[ 180 Pa. Super. Page 357]
he owns today? A. Correct." Plaintiffs quoted the price of $50.00 a front foot for the 200 feet, making a total of $10,000.00. Mr. Birtig testified that plaintiffs had never shown him this property.
The lower court decided this issue of fact in favor of the plaintiffs.
On October 16, 1952 the owner defendants entered into a written agreement of sale for this same property with on James L. Nichols for a sales price of $10,000.00, $1,000.00 of which was paid as down money.
Nichols testified that he wanted to use this property for the purpose of starting a hardware store. Nichols was a college student and he worked for Birtig as a clerk in a hardware store. The $1,000.00 hand money, paid by Nichols when executing the agreement, was borrowed by Nichols from Birtig. Nichols was never able to perform the agreement or to complete the sale and he testified that Birtig knew that he, Nichols, went to the defendants, as Birtig had advised him to do. Nichols took Birtig to the defendants soon after the agreement was signed. The agreement of sale was assigned by Nichols to Birtig and the deed was made directly to Birtig by the defendants. Birtig did not ask for or receive any interest for the use of the hand money and he bore all of the expenses of the purchase.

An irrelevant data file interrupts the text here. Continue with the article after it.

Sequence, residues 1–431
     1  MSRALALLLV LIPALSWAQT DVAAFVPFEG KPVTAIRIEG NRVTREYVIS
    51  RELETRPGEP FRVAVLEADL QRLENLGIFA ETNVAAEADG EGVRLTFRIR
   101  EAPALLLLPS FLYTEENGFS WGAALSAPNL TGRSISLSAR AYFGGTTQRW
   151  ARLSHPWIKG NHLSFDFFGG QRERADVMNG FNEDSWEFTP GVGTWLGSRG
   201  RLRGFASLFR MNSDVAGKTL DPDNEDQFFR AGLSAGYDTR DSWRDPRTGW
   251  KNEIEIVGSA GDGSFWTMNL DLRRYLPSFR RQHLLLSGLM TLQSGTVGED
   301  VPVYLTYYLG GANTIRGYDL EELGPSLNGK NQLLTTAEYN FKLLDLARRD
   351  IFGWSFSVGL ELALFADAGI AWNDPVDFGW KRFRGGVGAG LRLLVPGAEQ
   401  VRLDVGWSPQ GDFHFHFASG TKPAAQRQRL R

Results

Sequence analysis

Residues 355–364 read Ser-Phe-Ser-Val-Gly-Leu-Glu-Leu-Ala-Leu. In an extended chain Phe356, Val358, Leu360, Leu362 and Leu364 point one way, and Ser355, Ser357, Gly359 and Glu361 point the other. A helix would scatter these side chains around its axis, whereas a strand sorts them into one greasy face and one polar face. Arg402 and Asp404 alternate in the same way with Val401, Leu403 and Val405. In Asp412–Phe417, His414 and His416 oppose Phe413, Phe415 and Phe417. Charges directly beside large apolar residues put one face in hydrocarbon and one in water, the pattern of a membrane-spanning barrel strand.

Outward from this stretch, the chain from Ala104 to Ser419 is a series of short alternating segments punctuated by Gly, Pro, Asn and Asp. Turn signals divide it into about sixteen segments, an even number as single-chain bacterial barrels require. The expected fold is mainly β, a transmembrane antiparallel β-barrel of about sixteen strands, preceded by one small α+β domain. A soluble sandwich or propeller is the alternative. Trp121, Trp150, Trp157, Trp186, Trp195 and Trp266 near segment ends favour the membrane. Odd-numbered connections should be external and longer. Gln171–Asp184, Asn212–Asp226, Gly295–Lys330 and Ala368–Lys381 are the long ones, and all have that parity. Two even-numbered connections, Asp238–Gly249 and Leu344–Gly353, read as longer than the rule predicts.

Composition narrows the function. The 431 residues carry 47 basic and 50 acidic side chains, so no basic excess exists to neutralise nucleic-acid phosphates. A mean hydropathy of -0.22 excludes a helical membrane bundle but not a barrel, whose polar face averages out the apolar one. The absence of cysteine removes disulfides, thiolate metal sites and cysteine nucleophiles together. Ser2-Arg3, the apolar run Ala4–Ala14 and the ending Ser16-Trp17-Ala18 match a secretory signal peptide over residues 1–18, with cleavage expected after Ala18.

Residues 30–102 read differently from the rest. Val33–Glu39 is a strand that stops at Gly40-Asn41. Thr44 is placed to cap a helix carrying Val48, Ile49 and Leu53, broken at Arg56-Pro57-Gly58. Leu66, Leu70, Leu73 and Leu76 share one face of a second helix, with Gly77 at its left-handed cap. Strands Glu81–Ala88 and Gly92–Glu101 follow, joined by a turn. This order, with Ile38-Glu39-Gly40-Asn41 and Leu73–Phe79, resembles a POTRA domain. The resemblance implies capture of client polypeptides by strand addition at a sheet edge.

In October 1952 a sign was erected upon the property which read as follows:
Co. 3-7866 Co. 1-5895"
There was filed in the Fictitious Names Docket in the office of the Prothonotary of Allegheny County, Pennsylvania, on January 26, 1953 a registration showing
[ 180 Pa. Super. Page 358]